Sunday, 17 January 2016

Sometimes I feel Sad - and that's OK

Most of my life was spent avoiding painful emotions, any dip in mood was met with a frantic increase in activity, avoidance and, frankly physically and emotionally draining 'coping mechanisms'which, if I'm honest, weren't particularly effective. At the time those coping skills, poor as they were in the long term, actually helped me to 'function'. The problem came as the cumulative effect of using my 'coping skills' became self destructive. I felt I had to keep using them because I was so in fear of the huge torrent of grief that had been dammed up for decades, that I believed my very life depended on me stopping myself from feeling, ANYTHING.


As I have described elsewhere in this blog, the use of those coping skills resulted in me being unable to feel anything. I had reached the point where not only was I lacking in any energy to keep going, but as my GP told me, if we looked under the 'bonnet' I would find that I had long been trying to function without 'any engine at all'.

Over the past five years since that point, I have slowly built up different sets of skills and found out that the huge emotional breakers I have feared for so long didn't kill me. It has not been an easy process, developing skills takes time, effort and determination. One of the first set of skills essential for me to learn and practice were the distress tolerance skills. If I know I am equipped to cope with the feelings I fear so much, then my very existence no longer depends on preventing myself from feeling.

As time has gone on, the importance of Distress Tolerance has reduced in proportion to the number of times I find myself in crisis. The second set of skills which dovetailed into the first was the Emotion Regulation Skills. In practice, the ability to identify and name the feelings I feared so much was one of the most important points in turning the corner from the way I had lived for so long. Rather than sitting frozen in fear of a fog of indefinable feelings, I can name my 'demons' and once named the sting is taken from them.

The sets of DBT skills along with the routine practice of Mindfulness have helped me to stop the constant rise and fall of difficult emotions, to give myself time experience them, without living in constant fear of being overwhelmed by them, so that I am able to effectively manage relationships which for so long were damaged and broken by the uncontrolled impact of my emotions.


The most vital fact I have needed to face up to is that I cannot escape emotions. Simply because they are part and parcel of being human, and I am in fact a human being, contrary to how alienated my emotional responses have made me feel. Emotions are an important part of the way I am built. All emotions have a function and actually are beneficial.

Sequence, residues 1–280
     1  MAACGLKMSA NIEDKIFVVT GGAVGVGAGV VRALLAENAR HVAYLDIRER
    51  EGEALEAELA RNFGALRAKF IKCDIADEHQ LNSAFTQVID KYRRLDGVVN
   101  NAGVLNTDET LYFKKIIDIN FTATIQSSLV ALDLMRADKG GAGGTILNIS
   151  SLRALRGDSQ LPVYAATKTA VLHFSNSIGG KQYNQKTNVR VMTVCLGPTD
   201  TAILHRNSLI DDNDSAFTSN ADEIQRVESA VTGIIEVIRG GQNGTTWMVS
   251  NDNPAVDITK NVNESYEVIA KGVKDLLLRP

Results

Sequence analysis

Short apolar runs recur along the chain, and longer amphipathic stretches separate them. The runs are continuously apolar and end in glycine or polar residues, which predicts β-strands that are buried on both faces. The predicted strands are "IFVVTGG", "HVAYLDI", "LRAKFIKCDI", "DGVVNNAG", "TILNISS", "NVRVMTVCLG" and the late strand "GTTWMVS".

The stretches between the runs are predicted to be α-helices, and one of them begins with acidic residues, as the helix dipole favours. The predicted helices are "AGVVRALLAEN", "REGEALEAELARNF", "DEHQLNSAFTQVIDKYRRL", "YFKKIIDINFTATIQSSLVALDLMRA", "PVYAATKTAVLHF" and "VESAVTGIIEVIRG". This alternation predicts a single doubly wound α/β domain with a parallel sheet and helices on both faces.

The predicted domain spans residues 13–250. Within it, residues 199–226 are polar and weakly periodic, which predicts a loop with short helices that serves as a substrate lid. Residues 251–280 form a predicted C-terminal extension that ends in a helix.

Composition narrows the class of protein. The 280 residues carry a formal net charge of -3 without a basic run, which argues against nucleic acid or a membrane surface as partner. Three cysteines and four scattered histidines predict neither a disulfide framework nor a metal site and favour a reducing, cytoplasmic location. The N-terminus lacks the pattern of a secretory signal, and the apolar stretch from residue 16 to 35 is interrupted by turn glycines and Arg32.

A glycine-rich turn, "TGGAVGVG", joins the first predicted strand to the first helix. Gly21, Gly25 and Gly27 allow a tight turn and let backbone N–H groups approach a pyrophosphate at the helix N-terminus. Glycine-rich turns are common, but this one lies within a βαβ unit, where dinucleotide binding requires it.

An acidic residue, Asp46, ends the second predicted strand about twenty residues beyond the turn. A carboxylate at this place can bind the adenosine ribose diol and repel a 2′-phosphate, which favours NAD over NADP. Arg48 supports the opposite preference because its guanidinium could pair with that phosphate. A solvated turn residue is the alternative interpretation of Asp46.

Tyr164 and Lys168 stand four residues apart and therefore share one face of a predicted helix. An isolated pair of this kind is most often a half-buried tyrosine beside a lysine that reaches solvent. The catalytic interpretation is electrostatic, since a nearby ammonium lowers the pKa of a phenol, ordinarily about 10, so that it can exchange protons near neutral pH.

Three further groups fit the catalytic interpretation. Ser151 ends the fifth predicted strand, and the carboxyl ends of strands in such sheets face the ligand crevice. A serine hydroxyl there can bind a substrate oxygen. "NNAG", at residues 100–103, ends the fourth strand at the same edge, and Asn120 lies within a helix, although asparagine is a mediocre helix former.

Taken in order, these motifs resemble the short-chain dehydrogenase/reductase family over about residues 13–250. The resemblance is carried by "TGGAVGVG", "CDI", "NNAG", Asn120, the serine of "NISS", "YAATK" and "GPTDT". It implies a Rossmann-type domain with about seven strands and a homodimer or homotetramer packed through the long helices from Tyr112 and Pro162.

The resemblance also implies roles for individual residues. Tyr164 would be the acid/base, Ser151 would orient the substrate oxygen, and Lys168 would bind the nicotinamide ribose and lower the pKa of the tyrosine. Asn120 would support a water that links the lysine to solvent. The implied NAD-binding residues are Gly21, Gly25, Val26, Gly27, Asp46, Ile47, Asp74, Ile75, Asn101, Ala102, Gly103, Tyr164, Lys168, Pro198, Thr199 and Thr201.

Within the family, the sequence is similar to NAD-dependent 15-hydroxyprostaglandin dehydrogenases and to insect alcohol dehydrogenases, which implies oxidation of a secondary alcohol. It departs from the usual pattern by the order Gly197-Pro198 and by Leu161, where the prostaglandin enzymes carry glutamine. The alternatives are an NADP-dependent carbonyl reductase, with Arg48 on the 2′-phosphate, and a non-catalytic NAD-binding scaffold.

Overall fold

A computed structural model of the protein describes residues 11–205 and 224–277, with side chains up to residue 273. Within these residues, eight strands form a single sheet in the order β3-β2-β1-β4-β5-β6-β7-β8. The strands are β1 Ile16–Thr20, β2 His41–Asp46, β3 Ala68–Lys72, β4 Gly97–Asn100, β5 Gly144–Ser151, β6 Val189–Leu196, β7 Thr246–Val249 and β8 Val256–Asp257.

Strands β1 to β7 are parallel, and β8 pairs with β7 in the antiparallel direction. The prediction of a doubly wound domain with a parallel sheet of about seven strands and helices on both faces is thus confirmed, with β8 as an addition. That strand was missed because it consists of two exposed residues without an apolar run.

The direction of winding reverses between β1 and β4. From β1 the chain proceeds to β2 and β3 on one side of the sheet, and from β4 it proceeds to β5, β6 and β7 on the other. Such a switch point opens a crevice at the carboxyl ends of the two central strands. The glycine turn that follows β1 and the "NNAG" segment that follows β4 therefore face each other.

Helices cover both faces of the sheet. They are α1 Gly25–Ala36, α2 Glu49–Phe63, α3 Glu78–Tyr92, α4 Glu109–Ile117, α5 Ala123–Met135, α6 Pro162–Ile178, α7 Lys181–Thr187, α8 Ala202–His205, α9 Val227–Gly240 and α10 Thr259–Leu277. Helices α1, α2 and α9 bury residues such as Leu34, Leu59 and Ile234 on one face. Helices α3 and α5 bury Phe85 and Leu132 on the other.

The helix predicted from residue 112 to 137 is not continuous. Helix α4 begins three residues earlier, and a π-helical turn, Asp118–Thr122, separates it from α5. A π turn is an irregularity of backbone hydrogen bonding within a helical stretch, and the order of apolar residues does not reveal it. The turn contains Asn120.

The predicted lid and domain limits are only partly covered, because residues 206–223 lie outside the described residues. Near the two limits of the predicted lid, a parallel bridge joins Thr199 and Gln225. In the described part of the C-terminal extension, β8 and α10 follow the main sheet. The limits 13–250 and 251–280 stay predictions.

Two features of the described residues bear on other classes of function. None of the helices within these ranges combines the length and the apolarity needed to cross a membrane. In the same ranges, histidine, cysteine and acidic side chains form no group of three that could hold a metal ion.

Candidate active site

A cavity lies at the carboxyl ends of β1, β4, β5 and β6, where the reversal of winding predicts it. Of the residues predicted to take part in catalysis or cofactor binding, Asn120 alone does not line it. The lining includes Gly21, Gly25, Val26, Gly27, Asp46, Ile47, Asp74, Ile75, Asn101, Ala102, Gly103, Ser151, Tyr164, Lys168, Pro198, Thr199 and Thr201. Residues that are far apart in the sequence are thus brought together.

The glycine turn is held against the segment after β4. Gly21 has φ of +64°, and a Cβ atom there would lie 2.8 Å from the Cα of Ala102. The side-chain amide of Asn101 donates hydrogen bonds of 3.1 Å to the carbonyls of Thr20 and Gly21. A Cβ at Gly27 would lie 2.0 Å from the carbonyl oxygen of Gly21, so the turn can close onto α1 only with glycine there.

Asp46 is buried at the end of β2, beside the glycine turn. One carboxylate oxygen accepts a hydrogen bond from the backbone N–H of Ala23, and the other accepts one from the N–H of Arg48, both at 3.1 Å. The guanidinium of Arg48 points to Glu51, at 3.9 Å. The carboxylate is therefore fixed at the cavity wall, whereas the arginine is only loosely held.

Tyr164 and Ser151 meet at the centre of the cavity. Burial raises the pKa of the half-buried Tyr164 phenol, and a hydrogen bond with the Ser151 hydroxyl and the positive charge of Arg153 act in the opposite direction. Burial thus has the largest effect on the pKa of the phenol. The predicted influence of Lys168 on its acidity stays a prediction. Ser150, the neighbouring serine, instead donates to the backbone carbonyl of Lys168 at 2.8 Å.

I have had to adjust my thinking about emotions from seeing them as some internal monster, ready at any point to wreak havoc on my life. As someone who, due to biological and social, environmental factors, is more emotionally sensitive than average, emotions have always loomed large. Due to the experience of trauma in childhood, there has been a significant amount of grief to manage. In the past that grief has been unresolved because most of my energy was focused on avoiding feeling it. If I cannot identify the grief, and name it, it can connect in an endless stream with any difficulties, or sadness I am feeling in the present. My baseline emotion is at a higher level than average, that means that I have always struggled with a high degree of underlying grief and sadness. So, it is understandable that even the most seemingly insignificant trigger to grief in the present may well lead to overwhelming waves of grief.

It has taken me three years of working on DBT skills to understand this about myself. If I struggle to understand why my responses are so extreme, how hard then, must it be for those around me? I think sometimes, this is what makes me feel like an alien, even when in the most supportive of company. I am only just beginning to be able to articulate this process for myself.


As I have moved along the path of recovery, I am learning to recognise sadness as an emotion in its own right. Rather than try to avoid feeling it, for fear of it connecting with the overwhelming grief of the past, I am learning to accept it for what it is in the here and now. The past and its experiences are done with. Sometimes I may still feel an echo of the grief of the past, but I no longer need to fear it as massive, rolling breaker, rising threatening above my head. The waves of sadness are more manageable as a result. Not only do I now possess the skills to manage my emotions, but I have learned to accept even sadness as an important part of being a human being. It's okay to feel sad, because sometimes there are things in the here and now to be sad about, and that's okay.